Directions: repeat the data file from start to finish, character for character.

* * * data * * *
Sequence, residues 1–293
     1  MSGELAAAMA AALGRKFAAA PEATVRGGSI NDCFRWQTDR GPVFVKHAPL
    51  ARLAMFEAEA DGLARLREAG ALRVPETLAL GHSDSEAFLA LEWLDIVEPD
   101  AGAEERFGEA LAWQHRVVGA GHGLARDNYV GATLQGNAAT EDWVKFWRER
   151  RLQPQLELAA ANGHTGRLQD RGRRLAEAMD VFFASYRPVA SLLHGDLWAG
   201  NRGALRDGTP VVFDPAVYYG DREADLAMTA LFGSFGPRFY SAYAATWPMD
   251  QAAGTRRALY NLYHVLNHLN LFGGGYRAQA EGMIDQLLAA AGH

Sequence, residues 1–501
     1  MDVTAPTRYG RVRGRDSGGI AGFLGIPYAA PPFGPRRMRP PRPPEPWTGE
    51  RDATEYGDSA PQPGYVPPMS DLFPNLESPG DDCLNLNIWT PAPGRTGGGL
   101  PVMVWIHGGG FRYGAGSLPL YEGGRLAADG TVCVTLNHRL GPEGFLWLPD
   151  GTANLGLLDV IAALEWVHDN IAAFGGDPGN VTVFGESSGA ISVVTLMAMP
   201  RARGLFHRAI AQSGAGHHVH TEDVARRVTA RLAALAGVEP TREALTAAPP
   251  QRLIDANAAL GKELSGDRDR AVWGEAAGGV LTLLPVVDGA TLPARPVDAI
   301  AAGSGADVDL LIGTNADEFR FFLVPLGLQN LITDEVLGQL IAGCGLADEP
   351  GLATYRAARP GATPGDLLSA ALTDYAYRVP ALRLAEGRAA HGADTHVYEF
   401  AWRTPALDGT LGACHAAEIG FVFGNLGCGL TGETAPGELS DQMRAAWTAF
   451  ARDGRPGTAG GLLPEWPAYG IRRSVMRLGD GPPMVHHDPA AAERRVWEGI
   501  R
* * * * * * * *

Sequence, residues 1–293
     1  MSGELAAAMA AALGRKFAAA PEATVRGGSI NDCFRWQTDR GPVFVKHAPL
    51  ARLAMFEAEA DGLARLREAG ALRVPETLAL GHSDSEAFLA LEWLDIVEPD
   101  AGAEERFGEA LAWQHRVVGA GHGLARDNYV GATLQGNAAT EDWVKFWRER
   151  RLQPQLELAA ANGHTGRLQD RGRRLAEAMD VFFASYRPVA SLLHGDLWAG
   201  NRGALRDGTP VVFDPAVYYG DREADLAMTA LFGSFGPRFY SAYAATWPMD
   251  QAAGTRRALY NLYHVLNHLN LFGGGYRAQA EGMIDQLLAA AGH

Sequence, residues 1–501
     1  MDVTAPTRYG RVRGRDSGGI AGFLGIPYAA PPFGPRRMRP PRPPEPWTGE
    51  RDATEYGDSA PQPGYVPPMS DLFPNLESPG DDCLNLNIWT PAPGRTGGGL
   101  PVMVWIHGGG FRYGAGSLPL YEGGRLAADG TVCVTLNHRL GPEGFLWLPD
   151  GTANLGLLDV IAALEWVHDN IAAFGGDPGN VTVFGESSGA ISVVTLMAMP
   201  RARGLFHRAI AQSGAGHHVH TEDVARRVTA RLAALAGVEP TREALTAAPP
   251  QRLIDANAAL GKELSGDRDR AVWGEAAGGV LTLLPVVDGA TLPARPVDAI
   301  AAGSGADVDL LIGTNADEFR FFLVPLGLQN LITDEVLGQL IAGCGLADEP
   351  GLATYRAARP GATPGDLLSA ALTDYAYRVP ALRLAEGRAA HGADTHVYEF
   401  AWRTPALDGT LGACHAAEIG FVFGNLGCGL TGETAPGELS DQMRAAWTAF
   451  ARDGRPGTAG GLLPEWPAYG IRRSVMRLGD GPPMVHHDPA AAERRVWEGI
   501  R